Buchnummer des Verkäufers
Inhaltsangabe: A beautifully crafted and inviting account of one woman?s life, Safekeeping offers a sublimely different kind of autobiography. Setting aside a straightforward narrative in favor of brief passages of vivid prose, Abigail Thomas revisits the pivotal moments and the tiny incidents that have shaped her life: pregnancy at 18; single motherhood (of three!) by the age of 26; the joys and frustrations of three marriages; and the death of her second husband, who was her best friend. The stories made of these incidents are startling in their clarity and reassuring in their wisdom.
This is a book in which silence speaks as eloquently as what is revealed. Openhearted and effortlessly funny, these brilliantly selected glimpses of the arc of a life are, in an age of excessive confession and recrimination, a welcome tonic.
"Thomas permits us a glimpse of her truth [in] jewel-like shards [that] show forth the woman: a glorious cook and a ghastly housekeeper; full of fears but somehow finding love along and the way. The spaces between the words let reality find room, and the snatches of songs she quotes--'Take a sad song and make it better'--ring out from the page. Precisely lyrical, silver-gilt, fevered, and in the end, sweet."
"Safekeeping sparkles like bits of a smashed mirror, the chapters tiny diamonds one or two lines long or largish shards of a few pages -- light, dark, razor sharp. Each is a moment reflected, and reflected upon. Peer into enough diamonds and shards and you see the story, you glimpse the soul."
"Safekeeping is written in a completely unexpected form -- it is comprised of small, astonishing moments which have been strung together in a wholly fresh and gorgeous way. Many of these moments are handles in the brevity of a paragraph, consistently humble and beautiful; a palm which has been opened for us. . . What's so amazing about this book is its refusal to contain life within a neat, linear framework . . . Thomas has given an honest shape to the fluidity of memory . . . I gobbled this book down, all in one sitting. And then in did it again, wishing there were more of it."
"Short story fragments that cohere throughout a collection, either through the characters, the voice of the narrator, or even place, are among my favorite branches on fiction's family tree. The writer has to be very confident, restrained and well-versed in the subconscious aquifer that helps vastly different readers understand and enjoy stories that do not offer a lot of helpful detail. Safekeeping is a sapphire of a collection--pointy, gleaming, in the end, blue....You know a form is right when, in the end, you can't imagine a story told any other way. Abigail Thomas walks the edge of the form's boundaries; her stories are haunted."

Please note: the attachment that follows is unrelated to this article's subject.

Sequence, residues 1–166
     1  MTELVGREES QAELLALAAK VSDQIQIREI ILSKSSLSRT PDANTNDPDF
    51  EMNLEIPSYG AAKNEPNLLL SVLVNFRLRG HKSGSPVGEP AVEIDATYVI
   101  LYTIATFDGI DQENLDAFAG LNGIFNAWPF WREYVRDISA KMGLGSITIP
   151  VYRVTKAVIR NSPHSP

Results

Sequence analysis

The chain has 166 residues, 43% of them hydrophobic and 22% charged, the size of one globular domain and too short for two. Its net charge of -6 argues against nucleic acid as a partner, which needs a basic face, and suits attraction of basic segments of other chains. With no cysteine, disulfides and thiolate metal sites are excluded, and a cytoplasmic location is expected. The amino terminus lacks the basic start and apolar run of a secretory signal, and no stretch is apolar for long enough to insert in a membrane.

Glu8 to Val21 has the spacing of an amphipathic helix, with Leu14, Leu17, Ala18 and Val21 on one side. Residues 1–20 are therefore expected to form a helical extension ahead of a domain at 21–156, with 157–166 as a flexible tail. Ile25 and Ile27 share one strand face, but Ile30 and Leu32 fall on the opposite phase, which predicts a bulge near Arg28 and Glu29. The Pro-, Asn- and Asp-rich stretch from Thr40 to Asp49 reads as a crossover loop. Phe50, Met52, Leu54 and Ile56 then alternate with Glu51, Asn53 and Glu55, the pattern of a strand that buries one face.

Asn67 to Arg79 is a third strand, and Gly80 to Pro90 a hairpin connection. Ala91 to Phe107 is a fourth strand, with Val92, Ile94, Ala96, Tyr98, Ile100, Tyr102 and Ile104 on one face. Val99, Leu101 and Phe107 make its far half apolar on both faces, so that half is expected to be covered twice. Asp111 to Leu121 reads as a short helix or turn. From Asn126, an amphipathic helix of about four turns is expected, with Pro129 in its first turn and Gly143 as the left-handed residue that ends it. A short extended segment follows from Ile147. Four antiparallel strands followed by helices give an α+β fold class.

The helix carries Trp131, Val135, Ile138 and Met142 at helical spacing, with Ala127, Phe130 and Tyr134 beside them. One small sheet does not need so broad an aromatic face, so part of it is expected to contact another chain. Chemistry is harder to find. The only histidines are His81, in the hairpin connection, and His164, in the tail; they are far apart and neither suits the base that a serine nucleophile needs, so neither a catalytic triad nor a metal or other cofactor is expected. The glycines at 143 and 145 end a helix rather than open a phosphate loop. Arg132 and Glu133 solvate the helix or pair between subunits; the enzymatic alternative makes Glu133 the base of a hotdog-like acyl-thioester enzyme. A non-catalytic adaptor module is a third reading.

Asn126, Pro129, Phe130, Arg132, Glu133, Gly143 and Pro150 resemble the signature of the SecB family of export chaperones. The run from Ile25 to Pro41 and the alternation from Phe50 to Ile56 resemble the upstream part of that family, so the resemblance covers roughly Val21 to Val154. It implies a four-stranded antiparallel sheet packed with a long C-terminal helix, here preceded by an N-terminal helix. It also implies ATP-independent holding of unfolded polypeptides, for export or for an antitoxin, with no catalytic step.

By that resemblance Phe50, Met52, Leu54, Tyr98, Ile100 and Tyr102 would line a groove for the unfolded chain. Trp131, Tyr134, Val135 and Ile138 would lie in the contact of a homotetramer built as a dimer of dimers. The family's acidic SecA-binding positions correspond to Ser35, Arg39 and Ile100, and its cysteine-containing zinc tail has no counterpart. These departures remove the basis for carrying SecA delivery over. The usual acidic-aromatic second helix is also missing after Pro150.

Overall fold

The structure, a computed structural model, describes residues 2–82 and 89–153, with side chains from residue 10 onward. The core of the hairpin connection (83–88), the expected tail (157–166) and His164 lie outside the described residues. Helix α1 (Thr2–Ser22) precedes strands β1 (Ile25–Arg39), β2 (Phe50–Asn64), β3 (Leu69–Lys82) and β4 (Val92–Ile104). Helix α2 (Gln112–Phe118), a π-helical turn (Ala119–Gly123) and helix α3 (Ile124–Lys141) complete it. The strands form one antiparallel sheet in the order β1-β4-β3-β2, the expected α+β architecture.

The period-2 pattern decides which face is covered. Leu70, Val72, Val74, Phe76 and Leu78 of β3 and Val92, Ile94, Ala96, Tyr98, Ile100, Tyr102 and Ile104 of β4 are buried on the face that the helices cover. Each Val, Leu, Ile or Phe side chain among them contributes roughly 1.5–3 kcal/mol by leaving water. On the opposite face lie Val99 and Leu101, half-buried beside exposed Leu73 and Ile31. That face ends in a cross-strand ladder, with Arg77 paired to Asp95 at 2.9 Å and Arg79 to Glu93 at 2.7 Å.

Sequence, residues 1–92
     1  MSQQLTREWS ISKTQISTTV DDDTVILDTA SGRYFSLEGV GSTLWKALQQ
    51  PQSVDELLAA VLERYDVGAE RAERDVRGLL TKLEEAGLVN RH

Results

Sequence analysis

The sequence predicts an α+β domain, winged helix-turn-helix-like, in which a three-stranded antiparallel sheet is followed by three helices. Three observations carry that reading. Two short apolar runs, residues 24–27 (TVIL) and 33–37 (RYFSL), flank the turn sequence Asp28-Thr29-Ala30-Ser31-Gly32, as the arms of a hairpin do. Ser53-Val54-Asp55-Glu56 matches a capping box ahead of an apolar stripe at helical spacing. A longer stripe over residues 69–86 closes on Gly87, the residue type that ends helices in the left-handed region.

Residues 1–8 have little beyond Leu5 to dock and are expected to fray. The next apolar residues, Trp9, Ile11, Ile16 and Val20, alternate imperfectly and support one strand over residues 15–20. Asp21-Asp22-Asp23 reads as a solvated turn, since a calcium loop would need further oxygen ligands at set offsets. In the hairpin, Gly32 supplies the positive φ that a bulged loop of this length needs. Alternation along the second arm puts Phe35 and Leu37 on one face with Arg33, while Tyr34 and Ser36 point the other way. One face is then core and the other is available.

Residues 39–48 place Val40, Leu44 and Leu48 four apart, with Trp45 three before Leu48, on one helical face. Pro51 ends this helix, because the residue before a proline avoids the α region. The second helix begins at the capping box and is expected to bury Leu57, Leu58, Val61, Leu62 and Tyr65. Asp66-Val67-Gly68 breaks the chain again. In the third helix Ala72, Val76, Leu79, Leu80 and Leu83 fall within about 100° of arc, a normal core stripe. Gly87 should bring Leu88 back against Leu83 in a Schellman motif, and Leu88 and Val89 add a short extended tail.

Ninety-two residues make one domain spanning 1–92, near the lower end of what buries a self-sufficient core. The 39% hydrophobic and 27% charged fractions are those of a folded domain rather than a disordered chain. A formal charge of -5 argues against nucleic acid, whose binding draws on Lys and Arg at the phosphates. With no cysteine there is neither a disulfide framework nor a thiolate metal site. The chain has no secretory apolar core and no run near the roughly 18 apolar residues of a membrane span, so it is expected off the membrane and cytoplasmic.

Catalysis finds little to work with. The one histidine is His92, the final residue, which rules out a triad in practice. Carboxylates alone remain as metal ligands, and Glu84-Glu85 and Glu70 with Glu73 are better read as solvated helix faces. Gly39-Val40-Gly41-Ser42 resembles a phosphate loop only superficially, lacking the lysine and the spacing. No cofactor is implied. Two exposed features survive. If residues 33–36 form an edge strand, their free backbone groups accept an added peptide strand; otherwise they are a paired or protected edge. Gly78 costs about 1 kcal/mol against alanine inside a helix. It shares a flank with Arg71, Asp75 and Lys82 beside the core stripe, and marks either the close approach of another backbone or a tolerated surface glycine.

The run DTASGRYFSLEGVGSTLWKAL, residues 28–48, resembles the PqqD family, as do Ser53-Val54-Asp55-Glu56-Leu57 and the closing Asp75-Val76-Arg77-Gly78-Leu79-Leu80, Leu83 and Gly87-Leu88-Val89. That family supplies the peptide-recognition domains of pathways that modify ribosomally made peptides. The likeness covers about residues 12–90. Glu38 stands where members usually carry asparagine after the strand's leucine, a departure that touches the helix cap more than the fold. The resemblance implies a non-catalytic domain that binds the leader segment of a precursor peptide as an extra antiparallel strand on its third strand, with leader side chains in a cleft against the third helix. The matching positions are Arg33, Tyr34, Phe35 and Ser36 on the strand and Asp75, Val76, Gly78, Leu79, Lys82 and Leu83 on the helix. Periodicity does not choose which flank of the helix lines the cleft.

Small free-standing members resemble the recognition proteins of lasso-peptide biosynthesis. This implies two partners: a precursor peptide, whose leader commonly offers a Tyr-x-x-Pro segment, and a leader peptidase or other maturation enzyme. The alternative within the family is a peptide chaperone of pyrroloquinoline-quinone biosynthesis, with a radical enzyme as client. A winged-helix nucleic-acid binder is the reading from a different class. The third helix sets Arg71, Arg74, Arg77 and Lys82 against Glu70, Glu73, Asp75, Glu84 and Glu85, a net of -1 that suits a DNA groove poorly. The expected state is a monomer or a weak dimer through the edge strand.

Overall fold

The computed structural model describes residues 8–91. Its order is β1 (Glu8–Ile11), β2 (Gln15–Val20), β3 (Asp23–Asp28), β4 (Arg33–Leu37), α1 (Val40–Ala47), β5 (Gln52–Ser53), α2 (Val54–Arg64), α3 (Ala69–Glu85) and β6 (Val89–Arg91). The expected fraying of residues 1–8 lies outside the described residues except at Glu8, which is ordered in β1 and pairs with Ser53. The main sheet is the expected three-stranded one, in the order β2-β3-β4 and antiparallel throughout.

-- Los Angeles Times Book Review
"Sorrow mixes with joy in this beautifully crafted memoir....In a series of poignant vignettes, each complete within itself, Thomas succeeds in conveying an engrossing life story...A fine writer who spells out the bare facts of her life with dispatch."
-- Publishers Weekly
"Abigail Thomas has created magic for smart, curious readers. Her prose is poetic, charged with hope and promise. I admire every word she writes: her work makes me happy."
-- Kaye Gibbons
"Abigail Thomas exhibits a large-hearted, wry engagement with the nonlinear lives that proceed in the city, and renders them with a poet's precision. There is an eloquent simplicity in these pieces that underscores Thomas's large themes, among them the way intimacy can endure, and desire become an 'all-purpose longing which does not need to be satisfied, but rather renewed each day.' The accretion of these charged particles offers persuasive evidence that whatever a life presents, 'you can make something out of it.'"
"Abigail Thomas wears her wisdom so lightly, so jauntily, that you barely notice a vision creeping up on you. Her memoir explores how women build selves out of scraps and shards--not just from love and happiness but from sorrow and failure too. Thomas has made a life for herself like a cook whipping up dinner from what's in the refrigerator. The result is a giddily satisfying feast."
-- Lisa Zeidner, author of Layover
"Razor-sharp pieces of radiant truth...not so much memoir as a stained glass window made up of scenes garnered from a life. This is an unforgettable portrait of a grown-up woman who has learned how to rejoice in being herself. Reading it, we feel the crazy beauty of life."
-- Anne Lamott
"This beguiling memoir reads like a novel, with characters one cares about and an engrossing and moving story."
-- Hilma Wolitzer, author of Wish You Were Here